The inside surface of the remaining lower portion of the cylinder liner 10 has a coating 20 of "Parco-Lubrite", which is a trademark for a metal surface processing preparation manufactured by Nippon Parkerizng K.K., of Japan, and composed principally of manganous phosphate.
The following procedure is recommended for forming the coatings 18 and 20 on the inside surface of the cylinder liner 10. The ceramic or like material may first be coated by any known or suitable method on the inside surface of the prescribed upper portion of the cylinder liner 10. Then the entire inside surface including the its portion bearing the coating 18 may be machined to a required degree of smoothness. Then the complete cylinder liner 10 may be dipped in the bath of Parco-Lubrite, thereby forming its film 20 on the exposed lower inside surface portion of the cylinder liner. As desired, the coating 18 may be masked during the immersion of the cylinder liner in the Parco-Lubrite bath. However, the bath temperature can be so low (normally not more than 150° C.) that the bath will give no adverse effect on the coating 18 if it is left exposed.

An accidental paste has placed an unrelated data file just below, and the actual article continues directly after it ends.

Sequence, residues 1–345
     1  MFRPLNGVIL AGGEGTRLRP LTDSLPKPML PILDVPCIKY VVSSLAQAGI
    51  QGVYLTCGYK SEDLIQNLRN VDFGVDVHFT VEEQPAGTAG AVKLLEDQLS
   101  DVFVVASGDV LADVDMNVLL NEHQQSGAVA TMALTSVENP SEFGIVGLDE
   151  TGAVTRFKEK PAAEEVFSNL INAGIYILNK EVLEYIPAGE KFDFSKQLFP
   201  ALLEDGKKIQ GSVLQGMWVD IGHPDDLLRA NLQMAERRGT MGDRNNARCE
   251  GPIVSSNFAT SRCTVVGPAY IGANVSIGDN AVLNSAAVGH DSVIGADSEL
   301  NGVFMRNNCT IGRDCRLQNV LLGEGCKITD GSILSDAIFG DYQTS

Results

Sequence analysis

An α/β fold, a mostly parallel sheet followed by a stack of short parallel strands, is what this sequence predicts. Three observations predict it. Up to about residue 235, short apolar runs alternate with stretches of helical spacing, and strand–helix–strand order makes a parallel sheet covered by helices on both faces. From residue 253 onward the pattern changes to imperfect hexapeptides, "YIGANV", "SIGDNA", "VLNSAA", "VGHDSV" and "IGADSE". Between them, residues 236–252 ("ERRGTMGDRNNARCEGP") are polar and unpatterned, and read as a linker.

The curve A in the graph of FIG. 2 represents the temperature distribution along the length of a conventional water cooled cylinder liner during engine operation. The capital B indicates a temperature range in which the engine can operate safely. The safe temperature range is that not exceeding the maximum temperature reached by the conventional cylinder liner.